Canaud B.,Institute Of Recherche Et Formation En Dialyse |
Canaud B.,Montpellier University
Contributions to Nephrology | Year: 2011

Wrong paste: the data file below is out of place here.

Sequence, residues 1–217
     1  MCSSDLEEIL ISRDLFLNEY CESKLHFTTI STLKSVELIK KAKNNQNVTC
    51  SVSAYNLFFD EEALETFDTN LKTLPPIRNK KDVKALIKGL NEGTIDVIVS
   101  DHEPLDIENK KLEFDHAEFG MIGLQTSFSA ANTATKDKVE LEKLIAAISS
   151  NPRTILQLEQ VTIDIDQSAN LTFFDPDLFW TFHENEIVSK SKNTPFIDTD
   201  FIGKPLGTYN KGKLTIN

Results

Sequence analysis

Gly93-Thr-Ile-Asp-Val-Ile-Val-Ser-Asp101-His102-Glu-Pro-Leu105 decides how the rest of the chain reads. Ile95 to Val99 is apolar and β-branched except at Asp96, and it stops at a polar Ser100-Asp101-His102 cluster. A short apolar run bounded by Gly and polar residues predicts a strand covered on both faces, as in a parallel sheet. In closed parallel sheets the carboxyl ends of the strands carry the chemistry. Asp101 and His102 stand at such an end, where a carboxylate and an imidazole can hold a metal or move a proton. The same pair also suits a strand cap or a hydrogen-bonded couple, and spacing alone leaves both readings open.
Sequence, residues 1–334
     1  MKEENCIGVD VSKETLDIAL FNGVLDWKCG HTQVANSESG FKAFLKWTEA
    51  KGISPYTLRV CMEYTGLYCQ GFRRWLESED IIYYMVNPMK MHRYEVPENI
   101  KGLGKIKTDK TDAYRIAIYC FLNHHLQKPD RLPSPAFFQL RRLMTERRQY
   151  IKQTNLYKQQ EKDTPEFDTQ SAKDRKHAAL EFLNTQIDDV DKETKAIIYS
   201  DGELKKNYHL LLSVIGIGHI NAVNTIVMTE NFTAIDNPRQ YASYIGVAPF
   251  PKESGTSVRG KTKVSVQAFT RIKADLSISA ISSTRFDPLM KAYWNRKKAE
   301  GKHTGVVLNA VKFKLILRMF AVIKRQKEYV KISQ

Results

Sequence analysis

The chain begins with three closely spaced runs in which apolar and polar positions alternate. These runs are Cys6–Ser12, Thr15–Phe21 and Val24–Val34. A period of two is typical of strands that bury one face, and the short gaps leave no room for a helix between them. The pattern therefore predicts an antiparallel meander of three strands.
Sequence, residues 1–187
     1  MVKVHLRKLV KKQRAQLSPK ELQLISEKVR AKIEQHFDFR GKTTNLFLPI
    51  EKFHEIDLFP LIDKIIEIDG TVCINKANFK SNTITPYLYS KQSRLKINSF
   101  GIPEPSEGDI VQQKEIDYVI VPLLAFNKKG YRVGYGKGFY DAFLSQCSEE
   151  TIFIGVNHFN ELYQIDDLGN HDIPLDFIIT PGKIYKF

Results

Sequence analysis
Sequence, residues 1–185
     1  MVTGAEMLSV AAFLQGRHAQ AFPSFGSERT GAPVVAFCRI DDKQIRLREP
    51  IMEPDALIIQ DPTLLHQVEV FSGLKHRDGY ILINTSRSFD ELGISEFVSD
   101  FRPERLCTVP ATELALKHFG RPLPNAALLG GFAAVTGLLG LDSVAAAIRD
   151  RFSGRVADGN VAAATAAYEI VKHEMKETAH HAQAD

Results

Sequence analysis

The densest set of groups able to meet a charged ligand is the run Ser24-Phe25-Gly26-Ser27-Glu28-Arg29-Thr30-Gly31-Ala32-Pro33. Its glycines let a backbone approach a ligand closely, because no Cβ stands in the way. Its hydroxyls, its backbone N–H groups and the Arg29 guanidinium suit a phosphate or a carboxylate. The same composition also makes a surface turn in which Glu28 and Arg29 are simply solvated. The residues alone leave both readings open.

In the mid-1980s, limits and side effects of contemporary hemodialysis were basically due to short treatment time, use of low-flux membranes and employment of acetate-buffered dialysate. These were already associated with a relatively high morbidity and cardiovascular mortality as part of diaysis-related pathology. Based on these considerations, the concept of on-line hemodiafiltration (HDF) was proposed as an innovative solution. By combining diffusive and convective clearances, HDF offered the most efficient modality to clear small and middle-sized uremic toxins. Furthermore, by using ultrapure dialysis fluid and high-flux synthetic membranes, HDF also offered the most biocompatible dialysis system, thereby going a long way towards preventing inflammation. Through provision of virtually unlimited amounts of sterile dialysis fluid by cold sterilization of fresh dialysate, on-line HDF offered an economical and viable method of conducting high-efficiency HDF (high volume exchange) therapy. By keeping the hemodialysis machine with all built-in technical options (e.g. adjustable blood pump, fluid-balancing system, conductivity meter, flow and pressure monitoring, bicarbonate-buffered dialysate), HDF benefited from being associated with the use of dialysis machines with excellent technology as well as highest safety standards. Use of ultrapure water made it then possible to produce dialysis fluid of intravenous grade quality with these machines. The first on-line HDF clinical trial was performed with a modified A2008C dialysis machine in 1984-85. This confirmed the feasibility and potential of the on-line HDF method. Some 25 years later, on-line HDF has proven to be safe, efficacious and with clinical benefits that justify it becoming a new standard for high-quality care of chronic kidney patients. Copyright © 2011 S. Karger AG, Basel.